Gradual Rate Hikes Remain the Best Way Forward… “For Now”: Fed Chair Powell echoed the tone from the Fed’s June meeting in his first of two weekly appearances before U.S. lawmakers. His upbeat assessment of the economy could be summed up by a single sentence from the five pages of prepared remarks. Powell noted “With a strong job market, inflation close to our objective, and the risks to the outlook roughly balanced, the FOMC believes that—for now—the best way forward is to keep gradually raising the federal funds rate.” The “for now” was quickly latched onto by pundits positing it as Powell potentially acknowledging a willingness to pause rate hikes if warranted. One possible factor warranting a pause could be the slope of the yield curve. In Q&A, Powell noted “The shape of the yield curve is something we talk about a lot,” adding “what really matters is what the neutral rate of interest is. People think that longer-run rates tell us something about the longer-run neutral rate, that’s why I think the slope of the yield curve matters.” Implicitly, he portrayed the belief that a curve inversion, caused by the short end rising, would signal restrictive policy. Hiking into inversion, according to that line of thinking, would be out of an assumed necessity to choke off undue inflation pressures. On inflation, Powell said core inflation finally reaching the 2% target was “a very positive thing” but said he “wouldn’t declare victory” based on just one report. Another factor that might warrant a pause would be an economic disruption. When pressed on U.S.-involved trade spats, Powell said the Fed is “committed to staying in our lane” but acknowledged they’ve “heard a rising chorus of concern which now begins to speak of actual capex plans being put on ice for the time being.”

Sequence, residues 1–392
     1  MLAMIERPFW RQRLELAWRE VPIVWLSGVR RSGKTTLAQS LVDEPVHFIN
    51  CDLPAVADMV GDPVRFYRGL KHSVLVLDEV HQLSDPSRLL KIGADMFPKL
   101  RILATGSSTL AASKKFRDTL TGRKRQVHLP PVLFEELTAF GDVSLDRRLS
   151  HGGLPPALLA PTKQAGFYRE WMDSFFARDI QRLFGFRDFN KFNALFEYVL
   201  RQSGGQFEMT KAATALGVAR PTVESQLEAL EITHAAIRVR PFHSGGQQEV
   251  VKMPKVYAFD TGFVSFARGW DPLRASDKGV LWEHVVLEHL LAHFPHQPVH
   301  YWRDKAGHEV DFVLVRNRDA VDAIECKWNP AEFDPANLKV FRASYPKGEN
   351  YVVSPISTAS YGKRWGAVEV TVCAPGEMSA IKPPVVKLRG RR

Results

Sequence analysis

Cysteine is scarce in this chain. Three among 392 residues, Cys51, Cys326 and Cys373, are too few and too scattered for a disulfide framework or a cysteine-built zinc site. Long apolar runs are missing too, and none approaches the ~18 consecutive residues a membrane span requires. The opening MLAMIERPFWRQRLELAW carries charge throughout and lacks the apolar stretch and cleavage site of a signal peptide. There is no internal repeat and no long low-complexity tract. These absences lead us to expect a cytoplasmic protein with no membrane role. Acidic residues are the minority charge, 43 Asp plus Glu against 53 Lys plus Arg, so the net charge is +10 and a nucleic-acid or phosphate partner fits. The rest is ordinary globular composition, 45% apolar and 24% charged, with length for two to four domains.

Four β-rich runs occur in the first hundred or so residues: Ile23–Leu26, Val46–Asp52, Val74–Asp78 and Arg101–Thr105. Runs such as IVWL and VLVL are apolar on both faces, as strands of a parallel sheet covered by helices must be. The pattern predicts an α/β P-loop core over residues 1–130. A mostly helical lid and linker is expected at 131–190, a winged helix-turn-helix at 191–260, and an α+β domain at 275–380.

Home Builder Confidence Holds in July: The NAHB’s Housing Market Index showed home builder confidence was unchanged in July. At 68, the headline index matched its lowest level of 2018 but equaled the average reading since the beginning of 2017. The index tracking current sales was flat with June and matched its lowest level since September. There were offsetting moves in the other two major indexes. The future sales index slipped to match its weakest reading since November 2016 while foot traffic from prospective buyer perked up to its best level since February.  The NAHB’s chief economists said “Builders are encouraged by growing housing demand, but they continue to be burdened by rising construction material costs.”


Industrial Production Rose More than Expected But Trend Marginally Softer After Revisions: Industrial production rose 0.6% MoM in June, supported by a better-than-expected 0.8% MoM increase in manufacturing and a 1.2% improvement in mining that offset weaker utilities output. Utilities output was down 1.5% in June on less electricity usage, a trend consistent with softer energy services prices in last week’s CPI report. The stronger month for manufacturing was primarily driven by a bounce back in durable goods production. After falling 1.6% in May, the worst month since the recession, durables activity bounced back 1.6%. And while most categories were stronger, auto production stood out from the crowd. Motor vehicle production popped 13.9%, the second strongest month of the cycle, after sinking 13.3% in May, the worst month in the cycle. A fire at an auto parts supplier was blamed for the May disruption for autos and, as expected, proved to be a temporary headwind.